Pathfinder - Character Optimization - Social Talents
I will use content from the core rules, but will intentionally omit any content not published on the official Pathfinder SRD due to the unmanageable volume of non-SRD content, and the wildly varying quality of non-SRD content. If you would like me to write handbooks for specific content not published on the official SRD, please email me and I will consider it on a case-by-case basis. I will use the color coding scheme which has become common among Pathfinder build handbooks. Also note that many colored items are also links to the Paizo SRD.
- Red: Bad, useless options, or options which are extremely situational.
- Orange: OK options, or useful options that only apply in rare circumstances
- Green: Good options.
- Blue: Fantastic options, often essential to the function of your character.
Temporary Note: Pathfinder Unchained and Occult Adventures were both recently added to the SRD. I'm excited to explore them, and I am actively working on adding their contents to my collection of handbooks. I appreciate your patience while I make these changes.
- Case the Joint (Ex): Situational, but this is the sort of thing which Vigilantes do frequently. It's also one of very few talents which crosses the border between your identities.
- Double Time (Ex): Consider vigilantes who exist in popular
fiction: How many of them are a middle-class laborer? How many are farmers? Smiths?
Coopers? None. Being a prominent merchant or noble presents access, influence, and
resources far beyond the reach of artisans and professionals. Taking this talent actually
makes your character less powerful. It's especially odd since you can take
this at any point in your career and your character suddenly stops being a noble and
starts being a craftsman.
- In Vogue (Ex): Compared to the amount of money which one needs to stick to the level/gold curve in Pathfinder, the pittance you get from Craft/Profession is a pittance.
- Gossip Collector (Ex): I've never been in a situation where there was a time limit strict enough that this mattered.
- Many Guises (Ex): You could easily do this with the
Disguise skill, but you have limited skill ranks and a talent for a +20 bonus to a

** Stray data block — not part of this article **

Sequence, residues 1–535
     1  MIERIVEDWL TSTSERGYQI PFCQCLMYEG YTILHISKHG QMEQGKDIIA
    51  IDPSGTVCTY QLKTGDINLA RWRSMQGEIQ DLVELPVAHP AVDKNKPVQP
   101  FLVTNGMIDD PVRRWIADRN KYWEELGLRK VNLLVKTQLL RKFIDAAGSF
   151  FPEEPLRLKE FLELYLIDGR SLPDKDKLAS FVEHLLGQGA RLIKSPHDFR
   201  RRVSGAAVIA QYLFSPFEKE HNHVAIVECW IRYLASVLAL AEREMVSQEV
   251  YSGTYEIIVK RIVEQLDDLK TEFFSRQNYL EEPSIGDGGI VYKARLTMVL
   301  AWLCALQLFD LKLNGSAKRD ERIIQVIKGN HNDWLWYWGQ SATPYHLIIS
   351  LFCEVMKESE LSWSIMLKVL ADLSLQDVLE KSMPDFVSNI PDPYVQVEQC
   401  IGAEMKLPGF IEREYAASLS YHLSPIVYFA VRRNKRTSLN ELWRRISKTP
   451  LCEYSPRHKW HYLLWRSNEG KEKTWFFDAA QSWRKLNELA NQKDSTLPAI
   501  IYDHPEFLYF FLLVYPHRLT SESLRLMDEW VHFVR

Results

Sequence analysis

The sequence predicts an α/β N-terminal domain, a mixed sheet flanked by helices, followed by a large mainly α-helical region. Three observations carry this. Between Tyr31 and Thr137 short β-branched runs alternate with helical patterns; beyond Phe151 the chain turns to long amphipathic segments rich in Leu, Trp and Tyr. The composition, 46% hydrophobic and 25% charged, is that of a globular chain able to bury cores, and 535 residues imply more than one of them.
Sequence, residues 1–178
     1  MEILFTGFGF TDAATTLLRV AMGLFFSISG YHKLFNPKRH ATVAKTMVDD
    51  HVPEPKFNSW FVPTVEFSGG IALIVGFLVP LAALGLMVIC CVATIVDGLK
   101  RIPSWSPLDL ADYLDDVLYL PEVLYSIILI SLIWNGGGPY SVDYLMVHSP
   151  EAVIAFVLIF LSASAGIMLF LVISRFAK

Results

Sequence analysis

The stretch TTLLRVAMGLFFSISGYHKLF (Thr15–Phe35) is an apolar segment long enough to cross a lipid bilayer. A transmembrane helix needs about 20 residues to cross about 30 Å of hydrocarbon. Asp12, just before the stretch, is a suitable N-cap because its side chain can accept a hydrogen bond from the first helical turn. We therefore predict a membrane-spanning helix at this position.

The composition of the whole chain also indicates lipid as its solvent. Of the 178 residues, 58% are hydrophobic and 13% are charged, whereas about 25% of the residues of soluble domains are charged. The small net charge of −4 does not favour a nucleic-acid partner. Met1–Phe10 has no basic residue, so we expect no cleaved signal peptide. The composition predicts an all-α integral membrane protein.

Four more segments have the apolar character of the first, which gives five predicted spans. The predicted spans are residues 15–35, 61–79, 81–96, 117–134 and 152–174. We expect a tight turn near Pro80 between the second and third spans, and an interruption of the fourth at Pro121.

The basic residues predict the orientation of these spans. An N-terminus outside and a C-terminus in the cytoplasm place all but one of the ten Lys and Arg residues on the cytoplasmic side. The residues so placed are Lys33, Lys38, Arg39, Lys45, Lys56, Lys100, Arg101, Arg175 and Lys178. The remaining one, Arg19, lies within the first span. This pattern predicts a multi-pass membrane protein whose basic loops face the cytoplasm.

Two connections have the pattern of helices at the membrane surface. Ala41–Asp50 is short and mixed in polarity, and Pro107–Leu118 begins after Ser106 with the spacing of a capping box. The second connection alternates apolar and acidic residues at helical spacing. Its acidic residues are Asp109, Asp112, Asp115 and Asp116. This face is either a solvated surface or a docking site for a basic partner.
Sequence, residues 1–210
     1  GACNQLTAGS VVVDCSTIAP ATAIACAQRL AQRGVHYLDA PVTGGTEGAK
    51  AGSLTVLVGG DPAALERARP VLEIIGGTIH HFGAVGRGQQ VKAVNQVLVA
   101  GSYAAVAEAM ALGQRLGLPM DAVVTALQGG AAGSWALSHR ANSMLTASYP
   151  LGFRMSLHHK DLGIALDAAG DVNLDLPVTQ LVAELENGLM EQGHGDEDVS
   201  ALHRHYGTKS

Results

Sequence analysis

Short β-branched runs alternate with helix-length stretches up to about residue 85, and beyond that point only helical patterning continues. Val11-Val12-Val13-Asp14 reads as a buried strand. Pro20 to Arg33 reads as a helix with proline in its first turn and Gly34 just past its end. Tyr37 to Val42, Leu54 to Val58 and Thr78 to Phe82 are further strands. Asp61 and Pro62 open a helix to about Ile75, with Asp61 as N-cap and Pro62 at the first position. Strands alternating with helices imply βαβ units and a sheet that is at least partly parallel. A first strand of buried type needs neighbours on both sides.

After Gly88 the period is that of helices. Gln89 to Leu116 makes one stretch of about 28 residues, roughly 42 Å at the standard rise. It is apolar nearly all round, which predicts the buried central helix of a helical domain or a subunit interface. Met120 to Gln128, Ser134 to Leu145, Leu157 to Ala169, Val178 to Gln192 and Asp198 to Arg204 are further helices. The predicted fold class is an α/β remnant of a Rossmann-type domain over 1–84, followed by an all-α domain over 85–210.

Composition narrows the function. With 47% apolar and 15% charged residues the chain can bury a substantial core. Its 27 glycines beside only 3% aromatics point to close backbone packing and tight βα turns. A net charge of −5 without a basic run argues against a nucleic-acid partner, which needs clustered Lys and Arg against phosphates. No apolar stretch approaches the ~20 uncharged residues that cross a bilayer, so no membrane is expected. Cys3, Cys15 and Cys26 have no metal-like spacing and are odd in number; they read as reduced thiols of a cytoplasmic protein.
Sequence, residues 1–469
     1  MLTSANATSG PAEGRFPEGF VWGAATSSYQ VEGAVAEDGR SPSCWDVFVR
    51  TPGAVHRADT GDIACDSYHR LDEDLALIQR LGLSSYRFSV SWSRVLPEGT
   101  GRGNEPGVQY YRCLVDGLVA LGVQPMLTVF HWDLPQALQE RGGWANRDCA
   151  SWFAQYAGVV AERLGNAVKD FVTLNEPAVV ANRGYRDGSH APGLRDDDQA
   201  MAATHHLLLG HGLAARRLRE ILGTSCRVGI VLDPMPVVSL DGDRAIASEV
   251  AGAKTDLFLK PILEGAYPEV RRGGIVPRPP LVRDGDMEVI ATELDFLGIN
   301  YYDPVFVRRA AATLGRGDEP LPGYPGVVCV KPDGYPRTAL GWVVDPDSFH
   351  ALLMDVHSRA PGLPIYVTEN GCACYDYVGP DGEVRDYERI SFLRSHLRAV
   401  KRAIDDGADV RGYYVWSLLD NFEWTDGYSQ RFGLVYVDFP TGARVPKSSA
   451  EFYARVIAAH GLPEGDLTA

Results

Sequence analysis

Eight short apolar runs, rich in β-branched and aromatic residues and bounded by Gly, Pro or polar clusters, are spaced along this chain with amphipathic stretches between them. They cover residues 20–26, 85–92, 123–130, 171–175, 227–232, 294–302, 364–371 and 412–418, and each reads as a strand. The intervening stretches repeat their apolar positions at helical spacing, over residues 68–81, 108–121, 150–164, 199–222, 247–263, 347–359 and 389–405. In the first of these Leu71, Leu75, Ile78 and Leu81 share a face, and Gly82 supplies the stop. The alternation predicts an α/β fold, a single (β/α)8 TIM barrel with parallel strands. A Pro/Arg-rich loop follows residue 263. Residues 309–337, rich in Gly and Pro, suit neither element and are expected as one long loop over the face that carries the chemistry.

common usage of the skill is a decent investment.
- Everyman (Su): This stretches how much you
can justify spending talents to avoid putting ranks into Disguise. I would
think that if you were planning to use disguises this much you would put
enough resources into it that you don't need to spend talents.
- Any Guise (Su): Very situational. With the exception of the scrying component, you could do all of this with a Disguise check. It takes three talents to reach this point, which is far too much cost to avoid spending skill ranks on Disguise.
- Everyman (Su): This stretches how much you can justify spending talents to avoid putting ranks into Disguise. I would think that if you were planning to use disguises this much you would put enough resources into it that you don't need to spend talents.
- Mockingbird (Ex): Situational, but one of few talents which carries over between identities.
- Quick Change (Ex): If you need this frequently enough
to justify it, you're not doing a good enough job concealing your identity. Instead
of wasting a talent, take the time to create a distraction or find somewhere secluded
to change your pants.
- Immediate Change (Ex): Unless you're planning to change appearances in combat, you really shouldn't need this.
- Renown (Ex): The Renown mechanic fits the theme and
mechanics of the Vigilante exceptionally well. The size of the community is a strict
limiting factor, but additional talents allow you to quickly expand it. The improved
disposition and Intimidate bonus are both very helpful.
- Celebrity Discount (Ex): If you use a lot of low-cost magic items like potions, scrolls, and wands, this can save you a small fortune over the course of your career.
- Celebrity Perks (Ex): Pathfinder is a game where a level 2 character frequently has enough gold in their pocket to destabilize the local economy. Even with Incredible Renown, the presence of taxes and bribes would need to be absurdly large to justify wasting a talent on this.
- Feign Innocence (Ex): You should be able to do
this without a talent.
- Subjective Truth (Ex): You shouldn't need this enough to spend a talent on it. If Zones of Truth are common enough that you need this your GM is probably being a bit unfair toward your character.
- Great Renown (Ex): Renown's population cap
is too small to get by in all but the smallest communities.
- Incredible Renown (Ex): Grat Renown is likely sufficient in most games.
- Loyal Aid (Ex): You could accomplish the same thing with some NPC hirelings.
- Triumphant Return (Ex): Unless you're travelling
a lot you'll never need this.
- Instant Recognition (Ex): If you're traveling enough to justify this you shouldn't be playing a Vigilante.
- Safe House (Ex): Very situational. Unless your foes have access to divination magic (a distinct possibility in Pathfinder), this can be handled by mundane means without spending a talent. Even then, you can have a party member cast Nondetection.
- Social Grace: It certainly beats Skill Focus. I recommend using this to boost your Face skills. Since you get more bonuses at higher levels, there's no rush to pick this up.